Westerman takes over an institution that is still recovering from a period of turmoil that included a 2020 letter from the “Curatorial Office” condemning what it called “an unfair working environment that enabled racial discrimination.” It turns out. Top administrator Nancy Spector resigned and was later acquitted of discrimination charges. The Sackler name was removed from the education center in 2022 after protesters called attention to the Sackler family’s ties to the opioid crisis. The union contract, which was finally ratified last August, was negotiated for more than two years. Recently, the Guggenheim Museum temporarily closed its Fifth Avenue entrance after an event. protest The museum condemns the Israeli military’s air strikes on Gaza.
Additionally, the Abu Dhabi Guggenheim Museum, designed by Frank Gehry, who also designed a satellite of the Bilbao Museum in Spain, has now been postponed, having been postponed in part due to protests over the plight of migrant workers involved in the project. Scheduled to open In 2026.
Westerman said it was too early to say anything about the Abu Dhabi Guggenheim Museum. Other than being excited to see it towering nearby.”
She added that she was well aware of the hurdles in running “four very distinctive museums in four prominent buildings in four very dynamic cities.”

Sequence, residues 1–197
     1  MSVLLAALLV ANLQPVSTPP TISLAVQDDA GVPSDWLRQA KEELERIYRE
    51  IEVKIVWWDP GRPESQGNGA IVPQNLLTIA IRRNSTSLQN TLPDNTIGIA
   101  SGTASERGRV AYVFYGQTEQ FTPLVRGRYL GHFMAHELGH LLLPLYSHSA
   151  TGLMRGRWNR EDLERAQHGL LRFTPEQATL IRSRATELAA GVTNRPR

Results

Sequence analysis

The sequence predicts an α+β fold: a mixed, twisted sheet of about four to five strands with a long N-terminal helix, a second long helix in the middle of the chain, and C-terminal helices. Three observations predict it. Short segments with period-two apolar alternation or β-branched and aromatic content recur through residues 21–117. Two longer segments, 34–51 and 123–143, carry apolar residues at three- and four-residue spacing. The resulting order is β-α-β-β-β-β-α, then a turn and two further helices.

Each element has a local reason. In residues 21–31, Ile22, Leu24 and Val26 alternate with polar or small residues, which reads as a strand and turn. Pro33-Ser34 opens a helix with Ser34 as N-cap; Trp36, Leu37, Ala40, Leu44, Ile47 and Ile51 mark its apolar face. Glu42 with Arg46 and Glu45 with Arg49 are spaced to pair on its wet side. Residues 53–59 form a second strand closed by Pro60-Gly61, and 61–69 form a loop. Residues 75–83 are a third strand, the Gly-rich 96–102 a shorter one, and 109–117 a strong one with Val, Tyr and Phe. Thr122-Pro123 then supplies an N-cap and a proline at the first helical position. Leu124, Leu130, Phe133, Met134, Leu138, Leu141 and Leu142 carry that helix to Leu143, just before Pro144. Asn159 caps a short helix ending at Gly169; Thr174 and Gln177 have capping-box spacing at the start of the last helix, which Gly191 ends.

“The demands on museum directors today are very complex,” she said. “The skill set required for a work of art like the Guggenheim Museum is a challenge and an opportunity that seems well-suited to the kinds of things I have experienced.”
Mr. Westerman will take on the daunting task of getting the Guggenheim Abu Dhabi across the finish line and making its new destination a destination amidst the turmoil in the Middle East.
Some in the art world see the Guggenheim appointment as yet another missed opportunity to appoint a person of color at a time when the world has become increasingly conscious of the lack of Black and Latinx museum directors. It is inevitable that we will mourn.